Blu-ray and Cell Broadband Engine …

The Cell Broadband Engine was developed by IBM, Sony and Toshiba and is​ purported to​ deliver up to​ 10 times the processing speed of​ a​ typical home computer. The hype on the engine states that developers should be able to​ start approximating actual intelligence in​ games, rather than artificial intelligence, meaning the enemies should get a​ lot smarter. The engine is​ capable of​ performing 200 billion calculations per second and has a​ clock speed of​ 3.2 GHz.

The blu-ray disc offers next-gen media capabilities that can render high-definition graphical power to​ a​ receiver that is​ also HD. it​ can support 1080p, which is​ 1,080 lines of​ progressive scan – the highest resolution available. Blu-ray discs can carry more than five times the amount of​ data of​ a​ DVD. DVDs can hold up to​ 9 gigs of​ information but the blu-ray disc can hold 50 gigs – which translates, in​ gaming terms, into titles that will be much bigger in​ terms of​ detail or​ game scope. Blu-ray also supports 7.1 surround sound.

ps3

Sixaxis controller …

No more forced feedback from the controller – that has been replaced by gyroscopes in​ the peripheral that will enable players (if supported by the game) to​ use controller movement to​ affect the game. Let’s face it​ – we have all tried to​ take corners in​ a​ racing game by tilting the controller in​ the direction we wanted to​ turn. With the sixaxis controller, that will be possible. Menus will be able to​ be accessed by tilting the controller, or​ flight controls will rely on the angle that the controller is​ at. in​ every other way, this is​ the PS control device. However, only one sixaxis controller comes in​ the box.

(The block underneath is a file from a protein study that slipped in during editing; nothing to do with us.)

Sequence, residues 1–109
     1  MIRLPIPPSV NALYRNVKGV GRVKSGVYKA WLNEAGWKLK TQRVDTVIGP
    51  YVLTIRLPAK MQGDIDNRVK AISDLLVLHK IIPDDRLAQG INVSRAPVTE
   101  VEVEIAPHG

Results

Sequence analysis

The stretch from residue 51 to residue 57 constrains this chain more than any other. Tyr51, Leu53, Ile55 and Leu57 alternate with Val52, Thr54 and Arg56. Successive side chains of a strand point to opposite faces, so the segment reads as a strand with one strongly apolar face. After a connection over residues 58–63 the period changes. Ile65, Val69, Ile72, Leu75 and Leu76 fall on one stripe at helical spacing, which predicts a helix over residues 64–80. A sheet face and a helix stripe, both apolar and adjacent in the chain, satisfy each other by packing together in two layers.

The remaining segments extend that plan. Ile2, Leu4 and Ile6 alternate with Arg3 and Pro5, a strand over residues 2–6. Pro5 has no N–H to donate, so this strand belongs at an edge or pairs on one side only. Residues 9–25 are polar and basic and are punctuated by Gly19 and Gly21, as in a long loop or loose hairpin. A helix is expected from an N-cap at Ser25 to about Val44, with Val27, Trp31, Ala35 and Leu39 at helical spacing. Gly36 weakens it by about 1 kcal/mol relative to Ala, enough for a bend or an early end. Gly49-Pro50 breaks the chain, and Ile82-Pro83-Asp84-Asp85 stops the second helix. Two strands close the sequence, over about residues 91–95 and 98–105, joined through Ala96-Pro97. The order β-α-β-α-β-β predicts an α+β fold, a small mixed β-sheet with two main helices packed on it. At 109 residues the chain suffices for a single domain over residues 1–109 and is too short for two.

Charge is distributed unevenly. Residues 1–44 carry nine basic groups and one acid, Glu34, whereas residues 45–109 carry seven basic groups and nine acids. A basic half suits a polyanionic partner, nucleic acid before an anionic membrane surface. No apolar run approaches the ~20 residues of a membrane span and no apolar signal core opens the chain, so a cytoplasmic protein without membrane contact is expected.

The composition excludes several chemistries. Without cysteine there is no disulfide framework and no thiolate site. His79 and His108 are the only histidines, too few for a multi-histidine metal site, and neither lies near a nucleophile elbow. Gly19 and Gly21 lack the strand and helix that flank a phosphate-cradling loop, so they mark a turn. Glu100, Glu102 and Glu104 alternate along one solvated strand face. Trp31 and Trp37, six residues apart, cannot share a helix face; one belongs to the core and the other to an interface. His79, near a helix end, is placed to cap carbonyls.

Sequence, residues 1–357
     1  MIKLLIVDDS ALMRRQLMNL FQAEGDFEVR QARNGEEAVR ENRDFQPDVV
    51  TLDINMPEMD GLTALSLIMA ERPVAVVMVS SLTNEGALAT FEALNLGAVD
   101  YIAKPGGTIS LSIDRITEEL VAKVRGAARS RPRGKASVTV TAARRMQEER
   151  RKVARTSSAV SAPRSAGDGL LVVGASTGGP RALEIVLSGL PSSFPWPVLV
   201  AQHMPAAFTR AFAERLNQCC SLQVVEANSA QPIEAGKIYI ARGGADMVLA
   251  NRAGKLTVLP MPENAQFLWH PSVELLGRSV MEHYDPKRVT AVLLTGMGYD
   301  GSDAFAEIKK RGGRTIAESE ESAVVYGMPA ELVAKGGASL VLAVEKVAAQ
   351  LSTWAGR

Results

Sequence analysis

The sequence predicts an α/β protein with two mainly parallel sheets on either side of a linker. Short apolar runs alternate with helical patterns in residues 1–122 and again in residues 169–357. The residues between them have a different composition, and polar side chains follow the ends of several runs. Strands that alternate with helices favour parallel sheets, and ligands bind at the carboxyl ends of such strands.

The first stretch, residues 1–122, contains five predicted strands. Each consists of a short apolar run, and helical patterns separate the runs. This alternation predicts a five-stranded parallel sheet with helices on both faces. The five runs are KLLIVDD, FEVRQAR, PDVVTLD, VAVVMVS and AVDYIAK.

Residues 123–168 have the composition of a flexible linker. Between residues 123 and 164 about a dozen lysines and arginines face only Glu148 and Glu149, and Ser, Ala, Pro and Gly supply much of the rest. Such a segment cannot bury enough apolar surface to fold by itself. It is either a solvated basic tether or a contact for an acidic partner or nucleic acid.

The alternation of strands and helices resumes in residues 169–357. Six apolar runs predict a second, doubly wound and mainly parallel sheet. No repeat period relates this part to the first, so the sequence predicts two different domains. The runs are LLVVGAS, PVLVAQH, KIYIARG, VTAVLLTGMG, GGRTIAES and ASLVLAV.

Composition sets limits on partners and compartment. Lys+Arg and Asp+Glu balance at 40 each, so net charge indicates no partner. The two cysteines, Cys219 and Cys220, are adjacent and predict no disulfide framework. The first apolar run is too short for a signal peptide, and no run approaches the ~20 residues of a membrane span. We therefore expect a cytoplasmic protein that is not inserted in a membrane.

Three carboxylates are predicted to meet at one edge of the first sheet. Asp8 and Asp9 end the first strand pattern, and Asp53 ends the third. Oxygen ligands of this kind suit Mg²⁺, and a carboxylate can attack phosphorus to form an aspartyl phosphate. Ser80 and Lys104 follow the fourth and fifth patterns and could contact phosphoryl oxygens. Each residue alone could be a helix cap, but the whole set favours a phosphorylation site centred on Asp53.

PlayStation Network …

Signing up is​ fast and free. You can connect to​ the Internet via the CAT5 port or​ the wireless network card. Each account is​ broken into two parts – the Master account and the secondary account. On the network you can download demos, keep track of​ a​ friends, send messages, and chart game progress. There is​ an​ option to​ input billing information (credit card) so that you can buy games and such through the network and load them onto the hard drive of​ the machine.

Using the machine …

The PS3 has a​ crossbar menu on the boot screen. This is​ exactly the same as​ the PSP. You can store video, audio, downloads, browse the Internet, message friends, access the PlayStation store (where there are free downloads and downloads you would pay for as​ well), or​ launch a​ movie or​ game.

The disc simply slides into the front of​ the machine, a​ la a​ CD player in​ your car, and the buttons to​ eject it, or​ turn off the machine take only a​ whisper of​ a​ touch. Using the controller, which has a​ lithium battery in​ it​ and once charged can go wireless, the PS3 owner can quit the game by pressing the PS logo, holding it​ down and waiting for the prompts. The power supply is​ built into the casing, and while I puts out some heat, it​ does not feel as​ hot as​ the 360 external power supply.